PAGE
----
About seven years ago, I stored my Gameboy Advance with Pokemon Emerald in the card slot and told my young cousins that I was “retiring” from Pokemon. It wasn’t because I thought grown men should no longer be playing Pokemon. I mean, people who know about its competitive metagame also know that Pokemon isn’t the kids’ game that it's typically marketed as. Instead, I was at a point in my life where I was getting more busy with work and I just didn’t have time anymore to invest in video games, especially one that required me to spend hours upon hours catching, breeding and EV training just so I can have my perfect team of cute little Pokemon butt whoopers to use against other players.
For the next year and a half, I managed to stay retired. In fact, it proved to be the least prolific video gaming years of my life as I barely touched any games. Even the successor to my GBA, an original Arctic Blue DS, rarely saw any action. By the time Pokemon Diamond and Pearl came out, my DS was gathering dust and I had no plans whatsoever to get the game. Then my three cousins paid me a visit. Keep in mind that before “retiring” I never lost a Pokemon match to anyone.
“I challenge you!” one cousin said.
“Sorry guys, I’m done with Pokemon,” I answered back.
“Ha!” said another cousin who was now in high school. “Are you afraid? I betcha’ I can beat you now. I’m older!”
As the “adult” in this group, the grownup thing to do was just laugh the whole thing off. Naturally, I decided to go to the nearest game store and bought Pokemon Pearl instead.
“Give me two weeks,” I said.
Both cousins giggled and gave each other a high five.
“We did it, hahaha! Time for revenge!” they said.
Little did they know what they just got themselves into... By the time the appointed day arrived, I had a solid stable of Pokemon that included the likes of Ludicolo, Skarmory, Blissey, Heracross, Milotic, Crobat, Starmie and Gengar (I was more familiar with older-generation Pokemon and builds at this point). I still remember the look of derision in their faces the first time I threw out Ludicolo against their stacked team of legendaries. When one of them started the match by bringing out Kyogre and his instant rain, I couldn’t help but smile. Minutes later, his whole team got leech seeded, poisoned, protect walled and surfed out of their misery by Ludicolo. Another team got spiked, roared and walled to oblivion by Skarmory and Blissey. Just when they got false hope against a near-fainting Heracross, little did they know that I just set them up for an Endure/Reversal combo.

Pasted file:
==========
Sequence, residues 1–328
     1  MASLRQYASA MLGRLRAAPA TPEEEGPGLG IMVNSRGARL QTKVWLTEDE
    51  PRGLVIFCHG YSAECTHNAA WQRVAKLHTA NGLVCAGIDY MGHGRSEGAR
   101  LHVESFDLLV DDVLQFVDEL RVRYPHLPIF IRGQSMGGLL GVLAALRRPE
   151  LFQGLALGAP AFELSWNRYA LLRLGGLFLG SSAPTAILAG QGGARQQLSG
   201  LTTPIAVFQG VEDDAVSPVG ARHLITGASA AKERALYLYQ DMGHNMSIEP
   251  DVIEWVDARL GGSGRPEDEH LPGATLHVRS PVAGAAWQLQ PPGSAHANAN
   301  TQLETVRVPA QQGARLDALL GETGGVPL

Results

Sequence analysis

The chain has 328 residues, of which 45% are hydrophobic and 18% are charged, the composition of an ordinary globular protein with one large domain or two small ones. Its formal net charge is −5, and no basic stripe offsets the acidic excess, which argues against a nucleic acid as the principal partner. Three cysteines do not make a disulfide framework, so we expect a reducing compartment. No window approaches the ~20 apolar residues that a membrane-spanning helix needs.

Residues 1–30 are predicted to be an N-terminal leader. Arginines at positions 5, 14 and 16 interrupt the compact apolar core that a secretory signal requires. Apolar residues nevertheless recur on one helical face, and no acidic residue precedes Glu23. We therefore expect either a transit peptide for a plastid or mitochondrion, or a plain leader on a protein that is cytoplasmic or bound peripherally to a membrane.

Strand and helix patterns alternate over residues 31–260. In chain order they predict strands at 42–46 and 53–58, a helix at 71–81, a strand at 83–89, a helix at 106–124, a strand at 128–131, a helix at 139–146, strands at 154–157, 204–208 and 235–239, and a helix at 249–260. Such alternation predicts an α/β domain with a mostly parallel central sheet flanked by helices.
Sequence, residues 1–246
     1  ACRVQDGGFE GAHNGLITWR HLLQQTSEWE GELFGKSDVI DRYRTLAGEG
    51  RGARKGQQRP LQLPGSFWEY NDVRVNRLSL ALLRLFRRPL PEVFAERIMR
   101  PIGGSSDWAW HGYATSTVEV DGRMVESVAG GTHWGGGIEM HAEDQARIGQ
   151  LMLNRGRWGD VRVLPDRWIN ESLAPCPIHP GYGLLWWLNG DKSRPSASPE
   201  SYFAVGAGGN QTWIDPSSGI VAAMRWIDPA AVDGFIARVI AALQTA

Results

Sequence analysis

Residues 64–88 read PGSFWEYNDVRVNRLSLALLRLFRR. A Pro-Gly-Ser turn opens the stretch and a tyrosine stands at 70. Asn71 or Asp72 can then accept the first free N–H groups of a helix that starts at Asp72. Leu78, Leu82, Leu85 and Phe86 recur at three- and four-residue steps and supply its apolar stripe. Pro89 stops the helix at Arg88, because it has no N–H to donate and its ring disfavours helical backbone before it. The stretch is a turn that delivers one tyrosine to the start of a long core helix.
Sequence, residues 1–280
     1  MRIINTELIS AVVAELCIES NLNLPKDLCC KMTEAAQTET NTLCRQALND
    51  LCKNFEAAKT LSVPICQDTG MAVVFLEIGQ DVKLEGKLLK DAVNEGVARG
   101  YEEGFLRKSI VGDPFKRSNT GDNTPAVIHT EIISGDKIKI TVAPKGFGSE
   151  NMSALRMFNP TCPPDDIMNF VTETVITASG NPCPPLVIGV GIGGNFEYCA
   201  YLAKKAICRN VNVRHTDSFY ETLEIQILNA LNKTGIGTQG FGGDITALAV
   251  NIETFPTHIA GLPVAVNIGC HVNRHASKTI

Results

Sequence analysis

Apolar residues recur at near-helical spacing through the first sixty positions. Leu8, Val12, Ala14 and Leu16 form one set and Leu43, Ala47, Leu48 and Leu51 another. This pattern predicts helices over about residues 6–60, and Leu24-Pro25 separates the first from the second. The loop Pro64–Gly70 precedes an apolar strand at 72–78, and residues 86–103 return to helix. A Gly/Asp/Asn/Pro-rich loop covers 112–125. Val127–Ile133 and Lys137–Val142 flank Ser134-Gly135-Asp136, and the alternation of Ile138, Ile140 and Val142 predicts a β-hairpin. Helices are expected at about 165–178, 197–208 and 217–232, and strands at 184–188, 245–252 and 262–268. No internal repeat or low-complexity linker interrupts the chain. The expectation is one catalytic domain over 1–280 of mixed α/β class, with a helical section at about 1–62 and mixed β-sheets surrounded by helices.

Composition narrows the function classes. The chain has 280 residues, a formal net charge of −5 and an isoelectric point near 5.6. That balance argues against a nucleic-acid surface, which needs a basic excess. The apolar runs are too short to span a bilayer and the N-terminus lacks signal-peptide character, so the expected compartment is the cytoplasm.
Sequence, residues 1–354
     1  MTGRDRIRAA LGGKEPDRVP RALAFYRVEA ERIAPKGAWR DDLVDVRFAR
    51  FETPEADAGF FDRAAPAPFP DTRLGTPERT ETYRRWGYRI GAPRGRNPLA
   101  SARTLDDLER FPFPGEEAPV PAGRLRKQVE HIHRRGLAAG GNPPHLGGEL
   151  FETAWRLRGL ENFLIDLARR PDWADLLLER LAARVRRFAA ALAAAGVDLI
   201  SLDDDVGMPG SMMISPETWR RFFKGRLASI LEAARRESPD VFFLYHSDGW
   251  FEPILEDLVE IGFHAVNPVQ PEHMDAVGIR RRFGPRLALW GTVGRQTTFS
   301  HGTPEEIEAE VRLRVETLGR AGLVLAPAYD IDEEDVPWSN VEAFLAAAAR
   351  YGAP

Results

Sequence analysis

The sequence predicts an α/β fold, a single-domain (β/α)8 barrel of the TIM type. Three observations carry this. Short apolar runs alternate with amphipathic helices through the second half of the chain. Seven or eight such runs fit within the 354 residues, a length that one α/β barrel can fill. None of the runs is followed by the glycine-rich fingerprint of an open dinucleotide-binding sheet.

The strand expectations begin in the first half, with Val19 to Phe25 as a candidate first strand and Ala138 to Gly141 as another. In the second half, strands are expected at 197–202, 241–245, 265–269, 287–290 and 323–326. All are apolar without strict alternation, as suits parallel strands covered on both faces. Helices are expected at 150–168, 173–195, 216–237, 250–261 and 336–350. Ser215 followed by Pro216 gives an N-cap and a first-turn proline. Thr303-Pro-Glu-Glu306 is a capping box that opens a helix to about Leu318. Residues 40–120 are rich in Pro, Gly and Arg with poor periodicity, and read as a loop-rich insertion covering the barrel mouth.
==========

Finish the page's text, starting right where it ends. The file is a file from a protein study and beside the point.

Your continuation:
This kind of strategic gameplay is exactly the reason why the Pokemon games have managed to preserve a loyal following to this day despite being a “kiddie” game. Once you learn the intricacies of its metagame, it turns into a new form of chess that requires careful planning, plenty of thought, and a whole heaping of strategy. As a gamer, there’s nothing quite as satisfying as beating a stranger using a team of legendaries online with a team of Raticates featuring different builds and having said guy post at a popular online forum about you and how you just beat him with some scruffy rats. It is a tradition that continues with Pokemon Black Version 2 and Pokemon White Version 2. Like Pokemon Emerald and Platinum before it, PBW2 expand on their predecessors, except these go the extra mile by kicking off a new story, starting you out in a new town and adding new areas. The game also adds other new extras such as the ability to catch older Pokemon in the wild, a new Pokestar Studios feature for turning your Pokemon into “movie stars,” and even the Pokemon World Tournament, which features trainers from past Pokemon games.
At the heart of Pokemon, however is the metagame, and PBW2 do not disappoint in this case. The changes in potential builds and strategies alone is sure to pique the interest of competitive players. As for casual fans, the new additions and extra polish also make this game a treat.
Admittedly, the basic system behind Pokemon has essentially remained the same through the years and even PBW2 aren’t exactly revolutionary as far as gameplay goes. Still, that’s a testament to how much the game has managed to stand the test of time. On that note, PBW2 are the most polished rendition of the series to date and a good segway to, hopefully, the first 3DS Pokemon game, which honestly is long overdue.
As for my cousins, one of them now tries to emulate my tricky play style. The older cousin? Unfortunately, he decided to quit Pokemon after our last match and continues to hate Ludicolo with a passion today.
In the meantime, I’ve had a few more challenges from their friends after hearing about my “super annoying and unbeatable team of Pokemon misfits.” Needless to say, I don’t get as many requests for rematches for Pokemon. Instead, they now like to challenge me in fighting games and first-person shooters. What can I say? My reflexes ain’t as fast as they used to be.